Table_2_Social Media and Large Carnivores: Sharing Biased News on Attacks on Humans.xlsx (11.4 kB)
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Table_2_Social Media and Large Carnivores: Sharing Biased News on Attacks on Humans.xlsx

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posted on 24.03.2020, 07:50 by Veronica Nanni, Enrico Caprio, Giulia Bombieri, Stefano Schiaparelli, Carlo Chiorri, Stefano Mammola, Paolo Pedrini, Vincenzo Penteriani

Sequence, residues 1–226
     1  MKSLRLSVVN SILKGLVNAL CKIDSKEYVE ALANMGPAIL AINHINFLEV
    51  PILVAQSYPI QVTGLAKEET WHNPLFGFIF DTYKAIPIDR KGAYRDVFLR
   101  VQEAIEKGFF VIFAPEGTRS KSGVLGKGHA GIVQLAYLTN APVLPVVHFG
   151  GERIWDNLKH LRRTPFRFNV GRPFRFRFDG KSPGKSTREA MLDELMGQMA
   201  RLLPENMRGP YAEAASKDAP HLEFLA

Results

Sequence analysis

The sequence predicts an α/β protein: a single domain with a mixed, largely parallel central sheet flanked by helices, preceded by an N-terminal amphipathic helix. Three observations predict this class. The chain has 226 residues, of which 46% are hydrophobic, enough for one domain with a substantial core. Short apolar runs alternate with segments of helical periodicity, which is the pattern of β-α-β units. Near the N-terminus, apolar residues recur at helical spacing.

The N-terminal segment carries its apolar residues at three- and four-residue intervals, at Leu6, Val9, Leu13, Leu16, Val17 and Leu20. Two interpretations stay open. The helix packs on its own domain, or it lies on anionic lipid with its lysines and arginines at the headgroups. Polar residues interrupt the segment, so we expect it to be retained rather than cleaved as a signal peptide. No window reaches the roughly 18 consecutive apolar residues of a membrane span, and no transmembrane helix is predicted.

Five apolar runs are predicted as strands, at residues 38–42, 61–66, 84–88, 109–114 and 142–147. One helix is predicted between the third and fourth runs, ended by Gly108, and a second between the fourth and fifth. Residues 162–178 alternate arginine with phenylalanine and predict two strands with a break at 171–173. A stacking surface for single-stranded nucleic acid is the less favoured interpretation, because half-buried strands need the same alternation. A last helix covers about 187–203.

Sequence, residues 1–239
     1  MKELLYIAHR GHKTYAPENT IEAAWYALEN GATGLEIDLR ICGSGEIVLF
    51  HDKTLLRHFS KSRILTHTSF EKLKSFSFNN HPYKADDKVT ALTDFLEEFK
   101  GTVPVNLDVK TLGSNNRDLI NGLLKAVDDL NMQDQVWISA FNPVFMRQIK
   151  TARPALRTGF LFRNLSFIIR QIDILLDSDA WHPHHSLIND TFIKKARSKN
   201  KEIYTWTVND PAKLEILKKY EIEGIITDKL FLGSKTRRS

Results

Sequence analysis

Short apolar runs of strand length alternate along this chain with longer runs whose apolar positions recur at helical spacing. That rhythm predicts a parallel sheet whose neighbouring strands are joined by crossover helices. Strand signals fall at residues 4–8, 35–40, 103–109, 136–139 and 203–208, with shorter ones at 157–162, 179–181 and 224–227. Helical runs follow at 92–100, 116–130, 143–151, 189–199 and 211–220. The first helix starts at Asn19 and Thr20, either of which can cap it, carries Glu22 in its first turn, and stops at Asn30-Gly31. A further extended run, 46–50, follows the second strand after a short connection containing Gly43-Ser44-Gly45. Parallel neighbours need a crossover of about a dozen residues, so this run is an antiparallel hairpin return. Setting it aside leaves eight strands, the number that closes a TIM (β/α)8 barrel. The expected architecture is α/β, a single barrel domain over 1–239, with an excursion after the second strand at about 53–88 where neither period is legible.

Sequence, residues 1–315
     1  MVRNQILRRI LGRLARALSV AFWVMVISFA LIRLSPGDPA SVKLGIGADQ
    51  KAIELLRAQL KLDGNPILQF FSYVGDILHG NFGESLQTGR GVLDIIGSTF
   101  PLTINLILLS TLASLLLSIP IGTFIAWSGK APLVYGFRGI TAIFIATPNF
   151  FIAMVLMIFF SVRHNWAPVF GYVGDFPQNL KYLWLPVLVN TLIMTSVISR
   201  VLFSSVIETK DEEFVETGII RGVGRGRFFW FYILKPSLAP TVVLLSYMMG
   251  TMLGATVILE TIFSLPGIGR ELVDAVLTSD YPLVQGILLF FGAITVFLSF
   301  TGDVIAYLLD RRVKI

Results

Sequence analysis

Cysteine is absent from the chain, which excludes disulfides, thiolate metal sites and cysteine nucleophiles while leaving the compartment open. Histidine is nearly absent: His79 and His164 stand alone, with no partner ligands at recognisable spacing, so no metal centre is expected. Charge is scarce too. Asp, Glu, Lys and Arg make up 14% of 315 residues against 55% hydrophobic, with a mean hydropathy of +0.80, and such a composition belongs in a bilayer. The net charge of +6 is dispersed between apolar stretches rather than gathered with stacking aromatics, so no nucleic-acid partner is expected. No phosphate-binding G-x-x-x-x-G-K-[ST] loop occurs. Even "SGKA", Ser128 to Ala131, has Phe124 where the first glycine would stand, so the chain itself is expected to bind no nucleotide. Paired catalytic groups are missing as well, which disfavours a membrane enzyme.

The Internet and social media have profoundly changed the way the public receives and transmits news. The ability of the web to quickly disperse information both geographically and temporally allows social media to reach a much wider audience compared to traditional mass media. A powerful role is played by sharing, as millions of people routinely share news on social media platforms, influencing each other by transmitting their mood and feelings to others through emotional contagion. Thus, social media has become crucial in driving public perception and opinion. Humans have an instinctive fear of large carnivores, but such a negative attitude may be amplified by news media presentations and their diffusion on social media. Here, we investigated how reports of predator attacks on humans published in online newspapers spread on social media. By means of multi-model inference, we explored the contribution of four factors in driving the number of total shares (NTS) of news reports on social media: the graphic/sensationalistic content, the presence of images, the species, as well as the newspaper coverage. According to our results, the information delivered by social media is highly biased toward a graphic/sensationalistic view of predators. Thus, such negative coverage might lead to an unjustified and amplified fear in the public with consequent lower tolerance toward predators and decrease in the support for conservation plans. However, because social media represents a powerful communication tool, its role might be reversed to positive if used appropriately. Thus, constant engagement of scientists on social media would be needed to both disseminate more accurate information on large carnivores and stem the tide of misinformation before its widespread diffusion, a crucial step for effective predator conservation.

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